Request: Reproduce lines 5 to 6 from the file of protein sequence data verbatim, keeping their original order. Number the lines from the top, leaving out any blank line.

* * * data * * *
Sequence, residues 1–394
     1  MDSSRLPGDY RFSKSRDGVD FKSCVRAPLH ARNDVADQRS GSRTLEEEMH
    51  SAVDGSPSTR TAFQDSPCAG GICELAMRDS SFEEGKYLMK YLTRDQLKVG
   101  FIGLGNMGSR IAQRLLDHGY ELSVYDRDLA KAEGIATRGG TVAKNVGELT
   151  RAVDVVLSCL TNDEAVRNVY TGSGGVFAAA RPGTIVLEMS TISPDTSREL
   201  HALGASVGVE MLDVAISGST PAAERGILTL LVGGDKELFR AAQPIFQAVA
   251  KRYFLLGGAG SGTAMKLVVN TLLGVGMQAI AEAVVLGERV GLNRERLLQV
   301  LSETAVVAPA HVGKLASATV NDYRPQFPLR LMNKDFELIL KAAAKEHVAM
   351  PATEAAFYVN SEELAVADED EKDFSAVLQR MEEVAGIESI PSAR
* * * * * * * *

   151  RAVDVVLSCL TNDEAVRNVY TGSGGVFAAA RPGTIVLEMS TISPDTSREL
   201  HALGASVGVE MLDVAISGST PAAERGILTL LVGGDKELFR AAQPIFQAVA